THE Scottish Events Campus (SEC) saw a reduction in the number of conferences held last year, but exhibition and live event visitors, along with the sale of land to a hotel developer, saw the business book a £2.5 million profit.

Revenue slipped two per cent to £28.8m at the SEC – which is home to the SEC Centre, the Armadillo and the SSE Hydro – as bosses prepare to push for the £100m funding required for an extension to its conference space.

Mr Duthie said the business was finalising a prospectus, which would be delivered to Glasgow City Council and Scottish Enterprise next month.

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“I’m hopeful we can get the funding,” said Mr Duthie. “The numbers show what it will bring to Glasgow, to Scotland, and indeed to the UK.”

The SEC, which was rebranded from the Scottish Exhibition and Conference Centre in January, is 90 per cent owned by Glasgow City Council. The proposed extension will require funding from the council, along with the Scottish Government, and become self-sustaining thereafter.

The SEC’s business structure means that, in Mr Duthie’s words, “Success is measured not only in financial terms but also by the economic impact of the campus”.

And he said the underlying performance was strong. “It has been a very positive year for the Scottish Event Campus, which generated £414m net additional expenditure in the Glasgow area, equating to over £1m per day.”

This increase in economic impact came in spite of conference turnover falling 21 per cent.

Mr Duthie said the reduction in the conference sector, from 16 international conferences to 12, was anticipated, and followed a record year. The current year is also expected to return lower conference numbers before recovering in 2018/19 and 2019/20.

“We’ve known for a while that the current year is going to be lighter for conferences, as national associations move their shows around the UK, but thereafter it begins to really pick up again,” he said, adding that the highest ever level of future conference business was secured during the period.

Mr Duthie said the SEC was seeing a benefit from the lower sterling since the Brexit vote. “We are seeing conferences benefit from the pound’s weakness.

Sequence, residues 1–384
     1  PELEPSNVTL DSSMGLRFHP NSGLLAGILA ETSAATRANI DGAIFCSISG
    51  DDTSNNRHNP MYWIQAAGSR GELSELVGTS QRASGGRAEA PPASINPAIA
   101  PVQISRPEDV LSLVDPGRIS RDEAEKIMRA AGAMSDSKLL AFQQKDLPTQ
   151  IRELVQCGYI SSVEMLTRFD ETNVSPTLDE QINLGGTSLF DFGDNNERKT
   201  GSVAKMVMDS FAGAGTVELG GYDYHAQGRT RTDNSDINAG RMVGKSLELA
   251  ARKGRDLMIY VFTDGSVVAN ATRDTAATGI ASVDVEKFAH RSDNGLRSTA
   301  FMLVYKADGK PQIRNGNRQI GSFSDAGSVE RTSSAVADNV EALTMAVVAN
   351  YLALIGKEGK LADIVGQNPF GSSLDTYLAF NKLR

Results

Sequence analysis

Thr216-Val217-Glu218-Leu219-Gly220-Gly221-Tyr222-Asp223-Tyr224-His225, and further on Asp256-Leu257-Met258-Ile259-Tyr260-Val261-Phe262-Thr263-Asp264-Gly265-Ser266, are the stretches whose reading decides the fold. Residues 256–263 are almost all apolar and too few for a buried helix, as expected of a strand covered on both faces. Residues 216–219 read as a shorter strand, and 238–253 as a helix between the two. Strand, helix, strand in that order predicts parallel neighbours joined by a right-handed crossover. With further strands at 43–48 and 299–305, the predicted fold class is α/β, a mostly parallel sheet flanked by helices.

“Businesses that would normally stay in the Eurozone, the exchange rate means we can be more competitive. And it also means more UK businesses are staying in the UK.”

The group also reported a record year for its exhibition sector with 15 per cent revenue growth, five new shows – taking the total to 45 – and high retention levels for established events. These included, in August, Ignition, a site-wide festival of motoring, which utilised internal and external space on the campus.

The SSE Hydro welcomed more than one million visitors, with major events beyond musical acts including its first televised world championship boxing event and further televised broadcasts of Andy Murray Live, the venue’s first tennis event, and a worldwide broadcast of WWE Wrestling, a first for Scotland.

In spite of this, the venue’s global ranking fell from second to eighth for the financial year, but returned to the number two spot for the first quarter of 2017.

Mr Duthie said the performance was in line with previous years, noting: “The fall to eight for the year is just down to the way dates fall, other centres had Marvel Universe Live in December; we had it in January. And we had Still Game Live in February, which no one else had.”

Operating profit fell to £1.1m from £1.5m, which came about because the SEC changed the way ticket purchases are allocated. Previously, any income received was booked at the time of the transaction, but this has been changed to the date of the event to more accurately reflect income.

This means that for one year only there will be discrepancies surrounding exhibition and event tickets purchased in one financial year, for an event in the next financial year.